The US space agency, NASA, is working with the Australian company, Akin, to develop artificial intelligence (AI) that could provide emotional support for astronauts in deep space.
The space agency already works with a wide variety of digital assistants. Recently, astronauts on the International Space Station (ISS) began work with a new version of IBM’s robot, the Crew Interactive Mobile Companion (CIMON).
CIMON 2 supports astronauts in the ISS in various tasks and experiments. The robot was developed by the European aerospace company, Airbus, for the German space agency, DLR.
“If you go out to the moon or to Mars, you cannot take all mankind and engineers with you,” says Christian Karrasch, CIMON project leader at DLR. “But with an artificial intelligence, you have instantly all the knowledge of mankind.”
“An emotionally-intelligent AI”
CIMON 2 is, in essence, a flying brain. The machine is an impressive spherical, free-flying robot powered by a state-of-the-art algorithm.
The robot is equipped with a touchscreen and voice commands to communicate with astronauts.
But the results of CIMON’s integration with the crew of the ISS have been mixed, says Tom Soderstrom, Chief Technology Officer at NASA’s Jet Propulsion Laboratory (JPL). That is mainly because the robot is short on emotional intelligence.
“That’s the piece that excites me the most about Akin,” says Soderstrom. “We want to have an intelligent assistant that can control the spacecraft’s temperature and direction, figure out any technical problems – that is also watching human behavior.”
Akin CEO Liesl Yearsley says the partnership’s ultimate goal is to build is an AI that can act as a companion that empathizes with astronauts.
“Imagine a robot that’s able to think, ‘Mary’s having a bit of an off day today – I’ve noticed she seems a bit curt with her colleagues,’” says Yearsley. “The AI might then decide it’s prudent to make sure Mary’s on top of her agenda for the day, and find a way to be a little more nurturing and encouraging to mitigate some of the stress.”
No apparent need …yet
The need for such a machine may not be apparent at first glance. Astronauts are some of the most physically and psychologically fit people on the planet.
Moreover, astronauts on the ISS regularly talk to earthbound psychiatrists. Doctors are always available to address any serious signs of emotional distress.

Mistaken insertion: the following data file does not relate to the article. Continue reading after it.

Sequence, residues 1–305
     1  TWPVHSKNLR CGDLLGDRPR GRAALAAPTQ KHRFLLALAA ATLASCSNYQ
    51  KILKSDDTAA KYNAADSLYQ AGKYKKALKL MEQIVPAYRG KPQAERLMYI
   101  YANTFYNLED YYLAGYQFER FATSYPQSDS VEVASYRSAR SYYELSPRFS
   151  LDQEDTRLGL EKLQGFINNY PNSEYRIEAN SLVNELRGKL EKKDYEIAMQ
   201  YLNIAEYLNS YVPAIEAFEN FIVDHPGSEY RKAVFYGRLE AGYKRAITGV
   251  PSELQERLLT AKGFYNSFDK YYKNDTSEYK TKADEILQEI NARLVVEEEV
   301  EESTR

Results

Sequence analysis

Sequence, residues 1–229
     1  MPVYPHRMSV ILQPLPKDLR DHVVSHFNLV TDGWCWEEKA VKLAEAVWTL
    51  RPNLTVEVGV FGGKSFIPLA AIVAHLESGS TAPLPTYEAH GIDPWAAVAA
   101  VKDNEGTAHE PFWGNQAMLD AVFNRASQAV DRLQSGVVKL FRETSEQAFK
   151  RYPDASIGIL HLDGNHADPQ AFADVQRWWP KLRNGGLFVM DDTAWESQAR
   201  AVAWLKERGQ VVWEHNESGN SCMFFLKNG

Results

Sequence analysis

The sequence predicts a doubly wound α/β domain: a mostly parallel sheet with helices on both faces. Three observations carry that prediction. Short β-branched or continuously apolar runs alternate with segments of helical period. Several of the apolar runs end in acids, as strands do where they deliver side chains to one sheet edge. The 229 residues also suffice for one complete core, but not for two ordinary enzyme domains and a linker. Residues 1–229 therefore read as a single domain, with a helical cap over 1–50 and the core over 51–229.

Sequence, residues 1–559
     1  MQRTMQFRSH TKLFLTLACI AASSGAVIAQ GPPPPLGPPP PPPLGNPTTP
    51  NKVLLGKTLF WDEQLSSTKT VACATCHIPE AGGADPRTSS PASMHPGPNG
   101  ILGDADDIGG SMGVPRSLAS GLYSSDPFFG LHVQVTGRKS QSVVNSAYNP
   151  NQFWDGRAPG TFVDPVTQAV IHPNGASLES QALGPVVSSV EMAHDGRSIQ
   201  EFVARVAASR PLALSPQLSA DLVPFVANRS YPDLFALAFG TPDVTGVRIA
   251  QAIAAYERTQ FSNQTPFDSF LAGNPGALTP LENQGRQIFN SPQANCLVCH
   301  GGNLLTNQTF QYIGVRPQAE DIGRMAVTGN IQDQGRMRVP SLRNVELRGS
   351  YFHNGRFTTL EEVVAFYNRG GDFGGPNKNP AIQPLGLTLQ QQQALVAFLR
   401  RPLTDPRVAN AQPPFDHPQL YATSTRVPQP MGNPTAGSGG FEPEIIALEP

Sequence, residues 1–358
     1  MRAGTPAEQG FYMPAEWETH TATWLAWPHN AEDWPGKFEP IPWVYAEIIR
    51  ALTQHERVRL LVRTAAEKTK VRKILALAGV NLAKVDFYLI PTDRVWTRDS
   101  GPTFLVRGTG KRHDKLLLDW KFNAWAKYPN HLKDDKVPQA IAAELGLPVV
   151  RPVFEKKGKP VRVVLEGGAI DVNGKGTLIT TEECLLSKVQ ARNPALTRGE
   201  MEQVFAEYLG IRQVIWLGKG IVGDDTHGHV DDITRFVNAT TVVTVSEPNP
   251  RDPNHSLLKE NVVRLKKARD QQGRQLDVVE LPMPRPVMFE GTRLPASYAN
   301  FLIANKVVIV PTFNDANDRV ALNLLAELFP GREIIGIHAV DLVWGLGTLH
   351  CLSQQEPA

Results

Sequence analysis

These elements mean measuring a crew’s emotional has not really been a problem for NASA yet.
But this system works only because the astronauts are in low Earth orbit. In deep space, the astronauts may have to work with each other in cramped spaces for longer periods of time.,
This could all add up to create what may turn out to be a difficult work environment.
Their support system would also have to deal with delays in communication that could last hours.
An AI assistant that can discern human emotion and respond with empathy during tough situations could be exactly what’s needed. This could be a particularly important facility on future missions to Mars and beyond.
The obstacles to building such a machine are complex and seemingly insurmountable at the moment.
The present discourse over AI has been lively – at times even controversial, as well. The implications of intelligent machines are profound, after all.
But for now, AI is mostly a reaction-based technology. If the AI routines in a bot are not that smart, the bot will not react appropriately to human interaction.
If a bot knows how to respond correctly, it’s only because the people behind them programmed their AI in the best way possible.
An ideal situation?
That’s because the way most tech firms train AI to recognize human emotions is deeply flawed, Lisa Feldman Barrett, a psychologist at Northeastern University, told MIT Technology Review recently.
“Systems don’t recognize psychological meaning,” she says. “They recognize physical movements and changes, and they infer psychological meaning.”
Those are two entirely different things.
But Barrett claims that a spacecraft in the isolation of space might actually be an ideal environment for training emotionally-intelligent AI.
Since the AI would be interacting with just a small group of astronauts, says the psychologist, it could learn each individual’s “vocabulary of facial expressions.”
The machine could then study how emotions become apparent in the face, body, and voice of each individual.
“Trying to do this in a closed environment, for one or a few individuals, might actually be a more approachable problem than trying to do so in an open environment,” says Barrett.